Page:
In the United States, the practice of training dogs for military purposes was largely abandoned after World War I. When the country entered World War II in December 1941, the American Kennel Association and a group called Dogs for Defense began a movement to mobilize dog owners to donate healthy and capable animals to the Quartermaster Corps of the U.S. Army. Training began in March 1942, and that fall the QMC was given the task of training dogs for the U.S. Navy, Marines and Coast Guard as well.

The K-9 Corps initially accepted over 30 breeds of dogs, but the list was soon narrowed to seven: German Shepherds, Belgian sheep dogs, Doberman Pinschers, collies, Siberian Huskies, Malumutes and Eskimo dogs. Members of the K-9 Corps were trained for a total of 8 to 12 weeks. After basic obedience training, they were sent through one of four specialized programs to prepare them for work as sentry dogs, scout or patrol dogs, messenger dogs or mine-detection dogs. In active combat duty, scout dogs proved especially essential by alerting patrols to the approach of the enemy and preventing surprise attacks.

The top canine hero of World War II was Chips, a German Shepherd who served with the Army’s 3rd Infantry Division. Trained as a sentry dog, Chips broke away from his handlers and attacked an enemy machine gun nest in Italy, forcing the entire crew to surrender. The wounded Chips was awarded the Distinguished Service Cross, Silver Star and the Purple Heart–all of which were later revoked due to an Army policy preventing official commendation of animals.

http://www.history.com/this-day-in-history/u-s-army-launches-k-9-corps


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THIS WEEK IN HISTORY: MARCH 7, 1899

Bayer Patents Aspirin

Aspirin is the commercial name of a drug developed by Bayer in the nineteenth century, using an extract of the bark of the willow tree. Its active ingredient is acetylsalicylic acid. There is evidence in the archaeological record showing that willow tree bark has been used for medicinal purposes as far back as 2000 BC. Typically the drug is used to treat pain, inflammation, and swelling. In the latter half of the twentieth century, not long after its biochemical mechanisms were at last understood, researchers observed that aspirin also inhibits the clotting of blood. This knowledge led to additional research into whether or not aspirin should be used to prevent heart attacks by thinning the blood and reducing the frequency of arterial blockages. While the exact scope of its benefits in this regard is still subject to debate, there is general agreement that aspirin does help reduce the risk of heart attacks.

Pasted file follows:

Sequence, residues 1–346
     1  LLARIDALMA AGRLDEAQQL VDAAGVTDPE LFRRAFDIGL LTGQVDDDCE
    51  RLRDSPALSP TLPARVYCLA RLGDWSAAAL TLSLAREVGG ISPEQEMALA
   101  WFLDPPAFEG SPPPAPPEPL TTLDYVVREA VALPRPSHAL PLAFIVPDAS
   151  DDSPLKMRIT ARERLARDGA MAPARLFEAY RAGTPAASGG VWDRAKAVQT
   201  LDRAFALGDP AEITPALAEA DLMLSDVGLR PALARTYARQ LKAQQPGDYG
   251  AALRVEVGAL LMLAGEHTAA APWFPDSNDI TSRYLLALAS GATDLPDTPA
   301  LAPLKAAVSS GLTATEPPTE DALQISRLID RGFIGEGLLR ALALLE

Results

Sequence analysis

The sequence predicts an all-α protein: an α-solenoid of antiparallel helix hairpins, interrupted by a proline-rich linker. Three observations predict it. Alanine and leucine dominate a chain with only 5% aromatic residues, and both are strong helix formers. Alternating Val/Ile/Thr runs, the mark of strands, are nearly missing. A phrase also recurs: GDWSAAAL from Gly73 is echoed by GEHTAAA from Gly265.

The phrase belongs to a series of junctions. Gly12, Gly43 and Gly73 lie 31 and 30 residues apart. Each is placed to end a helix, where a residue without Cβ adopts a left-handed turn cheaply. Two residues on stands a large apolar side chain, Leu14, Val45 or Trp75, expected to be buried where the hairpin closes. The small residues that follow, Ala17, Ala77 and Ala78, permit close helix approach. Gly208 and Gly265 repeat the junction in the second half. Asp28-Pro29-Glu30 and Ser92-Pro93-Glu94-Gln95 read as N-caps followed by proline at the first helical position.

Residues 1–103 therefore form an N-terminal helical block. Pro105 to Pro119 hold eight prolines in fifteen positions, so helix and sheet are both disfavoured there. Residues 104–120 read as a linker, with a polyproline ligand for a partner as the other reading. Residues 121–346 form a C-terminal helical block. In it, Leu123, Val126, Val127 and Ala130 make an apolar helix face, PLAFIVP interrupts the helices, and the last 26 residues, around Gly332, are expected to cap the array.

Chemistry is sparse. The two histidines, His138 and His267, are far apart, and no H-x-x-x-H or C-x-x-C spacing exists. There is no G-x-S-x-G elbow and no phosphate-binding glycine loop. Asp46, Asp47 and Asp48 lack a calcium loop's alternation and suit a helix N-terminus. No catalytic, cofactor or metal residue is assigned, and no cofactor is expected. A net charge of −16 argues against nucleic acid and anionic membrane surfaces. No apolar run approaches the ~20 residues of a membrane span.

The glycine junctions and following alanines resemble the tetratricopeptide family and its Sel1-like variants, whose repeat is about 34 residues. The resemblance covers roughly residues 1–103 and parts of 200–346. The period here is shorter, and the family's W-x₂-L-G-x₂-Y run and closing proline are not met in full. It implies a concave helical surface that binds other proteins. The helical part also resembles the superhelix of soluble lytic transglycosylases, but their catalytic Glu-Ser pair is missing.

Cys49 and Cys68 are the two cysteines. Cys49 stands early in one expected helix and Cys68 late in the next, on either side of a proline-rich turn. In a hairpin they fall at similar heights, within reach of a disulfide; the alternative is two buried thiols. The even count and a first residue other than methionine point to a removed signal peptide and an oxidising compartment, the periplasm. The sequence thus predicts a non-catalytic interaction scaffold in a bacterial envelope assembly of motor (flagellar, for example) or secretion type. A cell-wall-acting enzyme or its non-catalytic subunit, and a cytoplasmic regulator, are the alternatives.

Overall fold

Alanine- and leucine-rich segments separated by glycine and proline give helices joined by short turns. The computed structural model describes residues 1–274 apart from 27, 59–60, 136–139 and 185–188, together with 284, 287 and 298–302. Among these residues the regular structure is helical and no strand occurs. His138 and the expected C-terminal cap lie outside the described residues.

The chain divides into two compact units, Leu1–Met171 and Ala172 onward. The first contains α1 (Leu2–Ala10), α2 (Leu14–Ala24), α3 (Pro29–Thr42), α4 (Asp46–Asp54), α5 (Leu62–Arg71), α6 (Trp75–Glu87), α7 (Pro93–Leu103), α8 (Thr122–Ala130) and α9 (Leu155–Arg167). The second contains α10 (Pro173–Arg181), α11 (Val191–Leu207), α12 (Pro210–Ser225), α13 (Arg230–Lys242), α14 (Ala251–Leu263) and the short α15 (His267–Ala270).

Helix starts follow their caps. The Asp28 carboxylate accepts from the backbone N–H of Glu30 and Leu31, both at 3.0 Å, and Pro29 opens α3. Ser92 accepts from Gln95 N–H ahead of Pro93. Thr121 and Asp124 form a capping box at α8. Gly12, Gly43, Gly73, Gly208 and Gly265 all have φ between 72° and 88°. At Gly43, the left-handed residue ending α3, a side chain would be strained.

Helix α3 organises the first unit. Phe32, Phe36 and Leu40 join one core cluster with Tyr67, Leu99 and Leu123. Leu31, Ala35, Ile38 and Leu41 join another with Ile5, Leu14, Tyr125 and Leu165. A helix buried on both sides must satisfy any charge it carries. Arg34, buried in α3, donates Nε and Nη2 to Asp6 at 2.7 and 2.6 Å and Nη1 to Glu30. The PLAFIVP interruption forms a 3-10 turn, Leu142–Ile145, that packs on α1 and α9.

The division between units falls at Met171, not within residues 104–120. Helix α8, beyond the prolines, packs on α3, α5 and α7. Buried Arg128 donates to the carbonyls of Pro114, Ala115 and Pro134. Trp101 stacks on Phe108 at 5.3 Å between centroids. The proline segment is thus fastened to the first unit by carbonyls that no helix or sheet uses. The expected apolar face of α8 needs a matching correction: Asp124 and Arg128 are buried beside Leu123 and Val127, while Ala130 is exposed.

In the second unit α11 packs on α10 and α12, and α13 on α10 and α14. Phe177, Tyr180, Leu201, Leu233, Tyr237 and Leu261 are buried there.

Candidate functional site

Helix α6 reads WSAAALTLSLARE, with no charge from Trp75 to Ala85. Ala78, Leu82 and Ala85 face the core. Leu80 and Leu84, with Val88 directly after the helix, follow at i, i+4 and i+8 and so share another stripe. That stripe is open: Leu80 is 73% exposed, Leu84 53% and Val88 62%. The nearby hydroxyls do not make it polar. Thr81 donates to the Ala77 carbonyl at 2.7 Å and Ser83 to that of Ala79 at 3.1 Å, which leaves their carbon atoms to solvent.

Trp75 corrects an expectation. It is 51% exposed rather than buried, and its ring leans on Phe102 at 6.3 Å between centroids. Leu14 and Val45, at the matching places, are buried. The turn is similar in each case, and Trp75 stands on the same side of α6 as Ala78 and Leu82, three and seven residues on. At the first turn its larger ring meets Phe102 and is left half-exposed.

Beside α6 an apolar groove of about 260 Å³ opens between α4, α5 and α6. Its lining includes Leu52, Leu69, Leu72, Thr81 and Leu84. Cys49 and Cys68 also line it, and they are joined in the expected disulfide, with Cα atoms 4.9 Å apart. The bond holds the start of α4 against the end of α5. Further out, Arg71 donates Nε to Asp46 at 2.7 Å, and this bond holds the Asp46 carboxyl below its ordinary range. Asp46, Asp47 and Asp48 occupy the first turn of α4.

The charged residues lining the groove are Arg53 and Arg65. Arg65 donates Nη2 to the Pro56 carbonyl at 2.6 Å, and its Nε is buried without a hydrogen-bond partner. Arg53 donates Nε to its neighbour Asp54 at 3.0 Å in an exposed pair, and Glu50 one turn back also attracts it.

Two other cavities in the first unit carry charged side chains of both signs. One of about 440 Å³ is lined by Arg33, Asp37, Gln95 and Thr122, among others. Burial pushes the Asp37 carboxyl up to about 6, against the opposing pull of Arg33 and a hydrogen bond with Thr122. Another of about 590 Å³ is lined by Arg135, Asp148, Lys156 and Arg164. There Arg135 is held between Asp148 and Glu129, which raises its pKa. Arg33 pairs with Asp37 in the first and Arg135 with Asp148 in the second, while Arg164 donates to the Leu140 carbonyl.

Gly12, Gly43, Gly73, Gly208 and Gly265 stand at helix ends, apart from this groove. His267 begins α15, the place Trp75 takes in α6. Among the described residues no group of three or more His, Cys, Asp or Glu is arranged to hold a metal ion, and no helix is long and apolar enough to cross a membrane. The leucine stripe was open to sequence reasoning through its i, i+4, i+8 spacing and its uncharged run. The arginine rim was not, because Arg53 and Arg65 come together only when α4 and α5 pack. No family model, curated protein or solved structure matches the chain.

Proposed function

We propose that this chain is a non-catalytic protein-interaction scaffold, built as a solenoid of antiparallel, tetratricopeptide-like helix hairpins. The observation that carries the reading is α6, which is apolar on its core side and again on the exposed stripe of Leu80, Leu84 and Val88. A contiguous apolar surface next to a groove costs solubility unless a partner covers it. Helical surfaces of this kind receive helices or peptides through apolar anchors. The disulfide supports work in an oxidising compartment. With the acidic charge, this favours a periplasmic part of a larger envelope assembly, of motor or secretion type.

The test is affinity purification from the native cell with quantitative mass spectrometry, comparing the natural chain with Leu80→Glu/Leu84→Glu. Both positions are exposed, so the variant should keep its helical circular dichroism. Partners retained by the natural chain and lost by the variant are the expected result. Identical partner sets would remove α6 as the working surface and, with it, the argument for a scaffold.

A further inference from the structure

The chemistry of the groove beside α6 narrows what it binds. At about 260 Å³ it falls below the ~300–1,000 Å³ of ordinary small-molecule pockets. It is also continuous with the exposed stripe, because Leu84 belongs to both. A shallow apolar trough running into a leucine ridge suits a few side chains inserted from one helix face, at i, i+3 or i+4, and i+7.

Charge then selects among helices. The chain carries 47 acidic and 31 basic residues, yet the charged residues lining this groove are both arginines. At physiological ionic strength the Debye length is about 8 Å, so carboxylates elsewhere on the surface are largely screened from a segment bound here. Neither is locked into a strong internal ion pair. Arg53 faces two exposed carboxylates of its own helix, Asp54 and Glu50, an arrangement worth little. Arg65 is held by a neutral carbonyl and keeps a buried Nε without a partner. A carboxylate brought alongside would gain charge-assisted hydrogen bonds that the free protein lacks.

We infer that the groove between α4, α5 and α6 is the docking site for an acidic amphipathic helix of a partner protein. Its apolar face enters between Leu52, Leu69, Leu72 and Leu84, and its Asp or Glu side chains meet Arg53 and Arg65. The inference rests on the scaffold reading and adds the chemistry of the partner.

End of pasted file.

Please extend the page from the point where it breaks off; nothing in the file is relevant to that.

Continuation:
Medical texts that date back to the ancient civilization of Sumer contain the oldest references to the beneficial effects of tea made from willow bark. The Egyptians were also aware of its beneficial properties, and the Greek and Roman civilizations were likewise familiar with it. During Europe’s Middle Ages, physicians and folk healers remained aware of willow bark’s uses. Finally, in the eighteenth century, scientific research was begun to determine the substance and the mechanism responsible for willow bark’s effects. Several researchers were able to isolate the active ingredient and identify it as salicin by the early nineteenth century, and Charles Frederic Gerhardt synthesized a more stomach friendly “buffered” compound, acetylsalicylic acid, in 1853.

In 1899, drug manufacturer Bayer began selling its product, named Aspirin, for the treatment of fever and for pain relief. The drug quickly grew in popularity around the world, helped in part by the Spanish flu epidemic after World War I, which provided a venue for the drug to showcase its potency. Aspirin generated huge profits for drug companies all over the world, most of them producing the drug independently, without the authorization of Bayer. The trademarked name Aspirin soon came into the lexicon as the generic “aspirin,” which is commonly listed as an ingredient in non-Bayer products.

Zimmer, S. M. (2015). Aspirin. Salem Press Encyclopedia Of Health